This morning I’ve been reading an oldish paper (Sambell & McDowell, 1998) about work on the ‘hidden curriculum’, an even older phenomenon (Snyder, 1971).
The hidden curriculum can be thought of in terms of the distinction between ‘what is meant to happen’ i.e. the curriculum stated officientally by the educational system or institution, and what students actually experience ‘on the ground’. Assessment is very important in determining the hidden curriculum.
Sambell & McDowell take this one step further. They point out that every student has a different hidden curriculum; the same assessment is interpreted differently not just by ‘staff’ and ‘students’ but by individuals. Students bring with them different range experiences, motivations and perspectives which influence their response.
In the light of this, how are we do work to improve the assessment experience (and hence the hidden curriculum) for all our students, especially in a large and diverse University such as the Open University? Dealing with each individual student’s previous experiences and perceptions is challenging. However I think we are still missing some very obvious tricks. We assume that our students share our understanding of what assessment is for, but many probably don’t. I am interested in doing some work to improve that understanding, perhaps by running online tutorials for students before their first assignment, to discuss the assessment process not the assessment itself. Then we might to similarly after students have got the first piece of work back, to discuss what they have learnt from it and from the feedback.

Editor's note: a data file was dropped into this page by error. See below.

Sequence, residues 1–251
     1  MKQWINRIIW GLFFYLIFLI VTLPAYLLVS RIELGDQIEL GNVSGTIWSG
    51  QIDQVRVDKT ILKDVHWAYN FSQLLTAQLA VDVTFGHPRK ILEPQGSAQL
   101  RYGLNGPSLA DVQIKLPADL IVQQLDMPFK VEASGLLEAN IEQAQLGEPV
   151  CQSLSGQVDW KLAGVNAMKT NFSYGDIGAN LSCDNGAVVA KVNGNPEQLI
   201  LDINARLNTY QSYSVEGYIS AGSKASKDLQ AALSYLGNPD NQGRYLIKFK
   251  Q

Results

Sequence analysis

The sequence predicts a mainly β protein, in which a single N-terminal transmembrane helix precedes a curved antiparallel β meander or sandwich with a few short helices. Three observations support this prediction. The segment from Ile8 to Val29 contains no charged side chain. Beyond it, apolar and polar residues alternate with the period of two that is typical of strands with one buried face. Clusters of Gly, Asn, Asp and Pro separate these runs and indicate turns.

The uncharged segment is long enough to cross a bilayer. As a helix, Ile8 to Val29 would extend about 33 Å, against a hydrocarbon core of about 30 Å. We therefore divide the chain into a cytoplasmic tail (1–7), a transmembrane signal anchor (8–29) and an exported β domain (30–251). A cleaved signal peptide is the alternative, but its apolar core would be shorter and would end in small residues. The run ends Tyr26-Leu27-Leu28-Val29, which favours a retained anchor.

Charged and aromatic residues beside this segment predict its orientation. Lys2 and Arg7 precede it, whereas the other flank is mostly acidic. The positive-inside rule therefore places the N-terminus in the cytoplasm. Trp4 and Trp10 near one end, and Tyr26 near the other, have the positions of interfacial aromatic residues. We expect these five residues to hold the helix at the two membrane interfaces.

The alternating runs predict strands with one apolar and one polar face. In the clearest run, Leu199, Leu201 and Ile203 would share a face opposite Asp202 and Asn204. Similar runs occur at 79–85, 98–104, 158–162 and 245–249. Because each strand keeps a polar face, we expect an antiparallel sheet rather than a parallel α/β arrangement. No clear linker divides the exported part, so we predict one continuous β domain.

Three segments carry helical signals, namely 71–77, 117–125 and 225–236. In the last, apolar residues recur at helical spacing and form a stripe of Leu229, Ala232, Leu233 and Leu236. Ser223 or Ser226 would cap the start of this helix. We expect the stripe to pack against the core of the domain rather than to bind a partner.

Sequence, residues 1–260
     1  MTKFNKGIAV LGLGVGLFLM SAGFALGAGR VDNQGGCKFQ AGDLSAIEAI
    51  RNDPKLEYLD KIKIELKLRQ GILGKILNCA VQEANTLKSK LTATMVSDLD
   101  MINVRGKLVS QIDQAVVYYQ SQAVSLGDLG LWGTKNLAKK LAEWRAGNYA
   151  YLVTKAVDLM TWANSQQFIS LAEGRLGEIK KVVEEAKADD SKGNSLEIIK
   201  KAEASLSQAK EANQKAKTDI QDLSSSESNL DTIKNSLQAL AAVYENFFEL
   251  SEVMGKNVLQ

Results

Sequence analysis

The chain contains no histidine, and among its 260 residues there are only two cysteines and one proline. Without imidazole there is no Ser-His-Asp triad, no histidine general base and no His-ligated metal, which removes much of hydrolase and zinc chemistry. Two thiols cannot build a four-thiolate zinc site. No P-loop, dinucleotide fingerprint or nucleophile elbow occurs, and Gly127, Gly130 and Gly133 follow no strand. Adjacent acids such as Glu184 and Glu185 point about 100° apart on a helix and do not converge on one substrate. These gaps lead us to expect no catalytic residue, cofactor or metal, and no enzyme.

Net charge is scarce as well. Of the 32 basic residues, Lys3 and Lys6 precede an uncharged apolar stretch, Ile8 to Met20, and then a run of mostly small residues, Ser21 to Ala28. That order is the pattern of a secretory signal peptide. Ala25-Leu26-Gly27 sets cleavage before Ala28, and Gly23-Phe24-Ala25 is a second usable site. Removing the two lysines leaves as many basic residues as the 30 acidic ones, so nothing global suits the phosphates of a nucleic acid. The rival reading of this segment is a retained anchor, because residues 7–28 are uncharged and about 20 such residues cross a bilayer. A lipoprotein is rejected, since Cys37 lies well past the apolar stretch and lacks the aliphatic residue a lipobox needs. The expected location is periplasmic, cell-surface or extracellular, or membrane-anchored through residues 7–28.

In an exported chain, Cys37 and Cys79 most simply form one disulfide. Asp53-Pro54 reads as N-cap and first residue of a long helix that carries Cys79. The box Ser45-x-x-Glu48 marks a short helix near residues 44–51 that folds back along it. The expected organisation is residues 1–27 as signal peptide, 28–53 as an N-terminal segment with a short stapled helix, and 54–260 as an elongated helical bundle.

Anyone want to join in the fun?
Sambell, K. & McDowell, L (1998) The construction of the hidden curriculum: messages and meanings in the assessment of student learning, Assessment and Evaluation in Higher Education, 23(4), 391-402.
Snyder, B.R. (1971) The hidden curriculum. New York: Alfred A. Knopf.